Still, this doesn’t take away from the small miracle that the concerns of the poor briefly slipped into a political discussion usually focused far more on the doings of billionaire donors. Americans with low incomes can’t get much nourishment from words, and sentiments don’t create jobs. But for a moment, they weren’t invisible.

E.J. Dionne’s email address is ejdionne@washpost.com. Twitter: @EJDionne.

Photo: Franco Folini via Flickr

White House press secretary Kayleigh McEnany

White House Press Secretary Kayleigh McEnany was forced to defend President Donald Trump's recent attacks on MSNBC host Joe Scarborough on Tuesday, an unenviable task she nevertheless intentionally signed up for. She desperately tried to divert the attention back to Scarborough — without engaging in the president's conspiracy theorizing — but offered no credible defense of the president's conduct.

Trump has been spreading the debunked theory that Scarborough killed a staffer in 2001 while he was in Congress, even though it was determined she died of natural causes. The staffer's widower wrote a released a letter on Tuesday pleading with Twitter to take down the president's offensive tweets promoting the thoery. He said he was "angry," "frustrated," and "grieved" by the president's promotion of the harmful allegations. Trump is perverting his late wife's memory, he said, and he fears her niece and nephews will encounter these attacks.When asked about the letter, McEnany said she wasn't sure if the president had seen it. But she said their "hearts" are with the woman's family "at this time." It was a deeply ironic comment because the only particularly traumatizing thing about "this time" for the family is the president's attacks, which come nearly two decades after the woman's death.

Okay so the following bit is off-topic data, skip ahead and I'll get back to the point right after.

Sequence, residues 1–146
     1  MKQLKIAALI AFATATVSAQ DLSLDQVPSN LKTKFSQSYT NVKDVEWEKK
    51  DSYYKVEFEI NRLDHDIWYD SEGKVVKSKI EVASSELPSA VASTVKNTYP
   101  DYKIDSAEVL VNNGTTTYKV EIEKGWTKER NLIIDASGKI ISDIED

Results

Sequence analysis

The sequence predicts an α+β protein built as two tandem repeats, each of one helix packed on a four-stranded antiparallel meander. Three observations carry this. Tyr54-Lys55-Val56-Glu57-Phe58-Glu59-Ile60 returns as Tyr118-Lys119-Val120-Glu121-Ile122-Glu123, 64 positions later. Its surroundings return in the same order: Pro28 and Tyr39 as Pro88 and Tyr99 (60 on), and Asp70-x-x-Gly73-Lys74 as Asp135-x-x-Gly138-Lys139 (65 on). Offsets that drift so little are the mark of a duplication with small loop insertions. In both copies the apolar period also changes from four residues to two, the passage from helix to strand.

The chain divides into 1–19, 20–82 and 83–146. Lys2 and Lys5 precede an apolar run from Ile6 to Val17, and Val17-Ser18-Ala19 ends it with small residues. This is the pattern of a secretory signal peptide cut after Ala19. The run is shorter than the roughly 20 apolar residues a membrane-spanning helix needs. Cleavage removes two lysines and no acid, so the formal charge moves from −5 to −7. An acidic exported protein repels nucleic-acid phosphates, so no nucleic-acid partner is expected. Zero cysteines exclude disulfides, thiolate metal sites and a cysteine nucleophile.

McEnany refused to offer any explanation of Trump's comments and instead redirected reporters to a clip of Scarborough on Don Imus's radio show in 2003. In that show, Imus made a tasteless joke obliquely referring to the death, and Scarborough laughed at it briefly.